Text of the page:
Definition 3 ([14]).

A collection of sets is -covering free if it satisfies the following condition. Given any subset , there does not exist sets such that

Where .

We now provide a few examples of known superimposed code constructions and contrast them to codes satisfying the RC-condition.

Proposition 1 ([14]).

Let us suppose we have a collection of subsets , each having at least elements and satisfying

when . Then we have that the RACH code corresponding to is -superimposed.

When translated into the language of binary vectors, for we recover the RC-condition. For larger , this condition guarantees that given two codewords, they can have 1’s on at most common positions. When the weight of the codewords is large enough, this condition is sufficient for guaranteeing the -IC property. However, we note that while this condition does guarantee that the corresponding graph does not have small stopping sets, it will typically have -loops when . This simple result enables the use of known combinatorial constructions in code design for the RACH.

Definition 4.

A Steiner system with parameters , written , is an -element set together with a set of -element subsets of S (called blocks) with the property that each -element subset of is contained in exactly one block.

Consider a Steiner system with blocks and . We have that , as otherwise and would have at least elements in common. Together with Proposition 1, this suggests the following.

Corollary 1 ([14]).

Steiner system is -superimposed.

Note that -designs (with ) have been used in LDPC code design, as they guarantee avoiding -loops in the corresponding graph [16]. Designs with have also been used, but they have been modified to also meet the no -loops condition.

The user population supported by -designs is rather limited. For example, Steiner systems and produces -IC codes that support only and users, respectively [15]. However, the more flexible code design principles we have presented here allow for the consideration of other systems of significantly larger size. For example, there exists a Steiner system with elements and Steiner system with elements. According to Corollary 1, these code are still -IC, despite the fact that the corresponding graphs have very large number of -loops. Figure 2 illustrates how a -IC random access code based on Steiner system significantly outperforms D-CRDSA code of all weight codewords and the corresponding CRDSA code in terms of the error rate in the ultra-reliability region. While is limited to only users, it remains a reasonable user population for such small frames (26 timeslots).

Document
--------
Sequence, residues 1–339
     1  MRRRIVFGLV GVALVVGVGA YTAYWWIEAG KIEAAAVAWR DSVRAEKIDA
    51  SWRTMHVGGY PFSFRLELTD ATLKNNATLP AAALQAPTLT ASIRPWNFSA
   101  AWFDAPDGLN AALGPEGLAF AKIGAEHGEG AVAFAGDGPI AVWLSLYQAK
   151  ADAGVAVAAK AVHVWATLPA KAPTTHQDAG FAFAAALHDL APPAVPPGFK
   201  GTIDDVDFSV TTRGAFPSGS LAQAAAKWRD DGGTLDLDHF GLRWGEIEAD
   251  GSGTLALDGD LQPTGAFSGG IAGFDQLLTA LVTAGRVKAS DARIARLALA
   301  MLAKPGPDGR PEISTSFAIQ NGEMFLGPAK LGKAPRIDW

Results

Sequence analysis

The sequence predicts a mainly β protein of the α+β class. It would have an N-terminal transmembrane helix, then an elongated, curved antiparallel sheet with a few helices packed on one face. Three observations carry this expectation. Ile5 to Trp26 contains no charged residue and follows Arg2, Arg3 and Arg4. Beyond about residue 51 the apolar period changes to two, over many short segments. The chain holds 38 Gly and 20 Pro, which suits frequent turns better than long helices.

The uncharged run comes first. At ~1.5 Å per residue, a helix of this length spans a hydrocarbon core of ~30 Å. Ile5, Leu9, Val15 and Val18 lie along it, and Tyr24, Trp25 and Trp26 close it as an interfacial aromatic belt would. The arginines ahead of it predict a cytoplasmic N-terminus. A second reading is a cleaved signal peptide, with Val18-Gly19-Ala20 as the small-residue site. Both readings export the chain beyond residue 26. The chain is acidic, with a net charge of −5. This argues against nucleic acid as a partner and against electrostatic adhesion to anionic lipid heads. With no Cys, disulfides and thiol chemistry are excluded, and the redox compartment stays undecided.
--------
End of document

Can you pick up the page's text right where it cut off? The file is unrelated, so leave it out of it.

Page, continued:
Fig. 2: Simulated performance of the Steiner (3,5,26) system as a 3-IC random access code (solid) compared with the equivalent length 2-IC (dashed) and random (dot dashed) codes in frames of 26 timeslots, under Poisson arrivals.

However, already for it becomes difficult to find large superimposed codes. For example, for frames of size , the Steiner system with codewords is the largest we are aware of. A general asymptotic result [17] is that in order to always correctly decode out of possible users, the frames must be of size .

This shows that at most of users may be active when the frame size is . While the cost of additional active users is only in a logarithmic class, having even a modest number of active users forces the use of very large frames. This obviously restricts the usability of superimposed codes in the case of small frames.

We conclude by stating a general code design criterion for uniform weight RACH codes. While we discussed Steiner systems and D-CRDSA codes from the -IC perspective, they also have other properties that make them beneficial as random access codes. These properties may be generalised into the following design principles for URLLC RACH codes. Consider once more the matrix whose columns are the codewords of code . We require that